The stories of concussion-related tragedies are becoming all too familiar. Rowan Stringer was only 17 years old when she died after suffering two concussions within a week while playing rugby. In game #1, Rowan was tackled and shortly after complained of a headache. During game #2, an opposing player stepped hard on her head and her headaches returned. She told no one. She even Googled “concussions” but likely didn’t read much of what she found—or the information didn’t sink in.
Although she was not feeling well prior to game #3, she was determined to play. She had texted her friend the night before “Nothing can stop me! Unless I’m dead.” During game #3 she sustained her final concussion and died a few days later.
Preventable? Almost definitely.
What was missing? Two key things: concussion awareness and concussion education. So many players are totally unaware of what concussions are, and just how dangerous they can be if not treated properly. And there is a lack of education—especially with coaches and staff—regarding how to recognize a possible concussion and what to do about it.
So what’s the point of this story?
The field of campus recreation is not immune to concussions. Concussions can happen just about anywhere: in intramurals events, sport club games, and even during pick-up recreation activities like basketball. Analysis of recent data retrieved from SportRisk’s Best Practices Program has revealed the following facts about concussions in campus recreation departments across North America:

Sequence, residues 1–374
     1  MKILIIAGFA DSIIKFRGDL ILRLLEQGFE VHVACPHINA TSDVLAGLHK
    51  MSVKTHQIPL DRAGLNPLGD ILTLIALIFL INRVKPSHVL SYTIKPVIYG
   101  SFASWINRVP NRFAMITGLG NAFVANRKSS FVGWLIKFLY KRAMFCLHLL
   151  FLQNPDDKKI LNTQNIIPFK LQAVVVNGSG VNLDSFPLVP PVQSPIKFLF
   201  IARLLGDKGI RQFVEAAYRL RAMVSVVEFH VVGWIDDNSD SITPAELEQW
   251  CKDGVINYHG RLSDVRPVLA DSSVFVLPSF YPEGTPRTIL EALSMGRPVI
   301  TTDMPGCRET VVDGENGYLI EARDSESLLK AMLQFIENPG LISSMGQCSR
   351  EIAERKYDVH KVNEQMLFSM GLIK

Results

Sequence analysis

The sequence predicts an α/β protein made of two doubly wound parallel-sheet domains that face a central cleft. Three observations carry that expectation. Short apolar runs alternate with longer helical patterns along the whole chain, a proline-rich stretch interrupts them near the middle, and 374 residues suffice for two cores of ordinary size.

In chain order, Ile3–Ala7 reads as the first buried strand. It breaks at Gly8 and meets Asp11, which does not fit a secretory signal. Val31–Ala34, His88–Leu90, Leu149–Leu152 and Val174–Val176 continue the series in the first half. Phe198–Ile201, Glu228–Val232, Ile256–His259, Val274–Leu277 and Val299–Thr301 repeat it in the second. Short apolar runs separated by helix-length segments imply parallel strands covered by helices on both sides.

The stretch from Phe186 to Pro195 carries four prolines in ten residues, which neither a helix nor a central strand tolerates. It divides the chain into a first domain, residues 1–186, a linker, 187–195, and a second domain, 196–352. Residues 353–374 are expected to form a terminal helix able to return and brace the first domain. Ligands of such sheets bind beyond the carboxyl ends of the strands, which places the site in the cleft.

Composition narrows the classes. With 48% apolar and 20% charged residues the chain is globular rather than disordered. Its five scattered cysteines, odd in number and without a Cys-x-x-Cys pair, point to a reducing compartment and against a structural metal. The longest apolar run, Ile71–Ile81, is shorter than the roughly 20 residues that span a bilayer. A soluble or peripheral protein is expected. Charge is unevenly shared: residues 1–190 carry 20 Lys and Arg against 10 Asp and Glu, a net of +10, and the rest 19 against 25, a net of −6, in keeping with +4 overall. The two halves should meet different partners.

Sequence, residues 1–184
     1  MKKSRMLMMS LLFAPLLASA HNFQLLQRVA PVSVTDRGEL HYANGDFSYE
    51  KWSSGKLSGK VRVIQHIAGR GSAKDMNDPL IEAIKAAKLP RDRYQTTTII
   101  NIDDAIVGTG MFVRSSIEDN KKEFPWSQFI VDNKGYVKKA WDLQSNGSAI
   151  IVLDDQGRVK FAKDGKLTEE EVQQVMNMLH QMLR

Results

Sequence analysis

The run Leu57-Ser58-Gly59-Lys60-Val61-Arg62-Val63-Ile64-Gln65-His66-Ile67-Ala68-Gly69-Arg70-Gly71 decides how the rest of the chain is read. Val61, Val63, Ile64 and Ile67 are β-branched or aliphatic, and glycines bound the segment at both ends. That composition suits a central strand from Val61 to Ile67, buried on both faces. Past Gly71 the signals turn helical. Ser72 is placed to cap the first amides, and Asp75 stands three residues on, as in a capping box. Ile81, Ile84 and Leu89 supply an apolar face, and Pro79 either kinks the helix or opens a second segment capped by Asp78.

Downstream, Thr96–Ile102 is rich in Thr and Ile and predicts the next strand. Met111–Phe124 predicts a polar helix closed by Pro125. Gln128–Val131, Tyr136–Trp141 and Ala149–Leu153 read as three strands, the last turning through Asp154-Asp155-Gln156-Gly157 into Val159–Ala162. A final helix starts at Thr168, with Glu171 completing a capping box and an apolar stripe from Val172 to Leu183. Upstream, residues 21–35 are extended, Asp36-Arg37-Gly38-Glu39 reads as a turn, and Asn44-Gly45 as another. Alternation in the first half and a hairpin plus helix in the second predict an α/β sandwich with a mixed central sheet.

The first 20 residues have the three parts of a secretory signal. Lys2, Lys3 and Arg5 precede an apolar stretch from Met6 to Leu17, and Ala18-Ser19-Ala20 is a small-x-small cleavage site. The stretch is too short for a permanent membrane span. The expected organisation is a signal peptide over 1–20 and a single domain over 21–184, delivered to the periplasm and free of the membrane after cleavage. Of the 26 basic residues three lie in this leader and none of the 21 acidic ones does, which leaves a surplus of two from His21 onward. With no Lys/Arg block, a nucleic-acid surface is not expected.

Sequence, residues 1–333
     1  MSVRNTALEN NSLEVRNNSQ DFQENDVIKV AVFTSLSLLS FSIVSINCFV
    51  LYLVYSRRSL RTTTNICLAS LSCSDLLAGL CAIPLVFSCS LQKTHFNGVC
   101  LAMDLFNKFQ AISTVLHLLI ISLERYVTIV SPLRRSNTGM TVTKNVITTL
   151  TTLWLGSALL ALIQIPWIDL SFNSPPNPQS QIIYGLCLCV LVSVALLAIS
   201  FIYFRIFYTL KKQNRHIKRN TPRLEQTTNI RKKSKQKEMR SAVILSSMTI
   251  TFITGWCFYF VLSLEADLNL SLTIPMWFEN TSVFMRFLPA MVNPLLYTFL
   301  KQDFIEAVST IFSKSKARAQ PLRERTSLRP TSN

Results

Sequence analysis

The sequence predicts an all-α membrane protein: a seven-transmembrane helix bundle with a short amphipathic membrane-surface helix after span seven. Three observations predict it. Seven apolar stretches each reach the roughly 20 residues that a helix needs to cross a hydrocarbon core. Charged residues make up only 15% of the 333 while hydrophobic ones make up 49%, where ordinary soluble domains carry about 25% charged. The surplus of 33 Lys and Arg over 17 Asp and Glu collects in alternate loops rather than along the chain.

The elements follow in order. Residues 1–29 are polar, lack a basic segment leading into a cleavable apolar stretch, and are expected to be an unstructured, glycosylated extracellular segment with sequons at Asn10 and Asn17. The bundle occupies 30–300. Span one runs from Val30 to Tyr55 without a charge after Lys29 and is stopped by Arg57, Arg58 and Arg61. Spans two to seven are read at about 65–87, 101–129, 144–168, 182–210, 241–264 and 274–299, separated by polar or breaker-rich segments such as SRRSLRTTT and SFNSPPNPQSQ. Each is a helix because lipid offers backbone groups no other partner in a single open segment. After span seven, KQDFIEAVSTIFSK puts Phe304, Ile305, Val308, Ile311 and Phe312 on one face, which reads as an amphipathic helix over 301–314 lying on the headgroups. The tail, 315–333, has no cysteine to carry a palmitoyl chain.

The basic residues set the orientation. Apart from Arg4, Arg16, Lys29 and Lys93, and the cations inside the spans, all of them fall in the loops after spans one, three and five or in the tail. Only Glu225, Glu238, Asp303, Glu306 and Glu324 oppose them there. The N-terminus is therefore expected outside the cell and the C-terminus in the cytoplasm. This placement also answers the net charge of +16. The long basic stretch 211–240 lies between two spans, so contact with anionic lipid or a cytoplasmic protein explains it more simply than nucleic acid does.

- For sport club programs, only 44% of schools surveyed have concussion protocols in place
- For intramural programs, only 25% of schools surveyed have concussion protocols in place
- Sport club staff are required to have concussion training in 32% of schools, but the figure for intramurals staff is only 25%
Those are some big gaps in concussion awareness and education.
So what do you need to do?
Put quite simply, your campus recreation department needs to develop a concussion protocol which incorporates the key components of awareness and education. It then needs to roll out an action plan for how this protocol is to be implemented. The most recent Risk Management Newsletter for Campus Recreation has some great resources to help you with this!
Want to find out how you compare to other schools on concussion management as well as a host of other risk management issues? Visit the Best Practices page of the SportRisk website for more information about discovering best practices in managing risk in collegiate recreation programs and to see how you compare against other schools.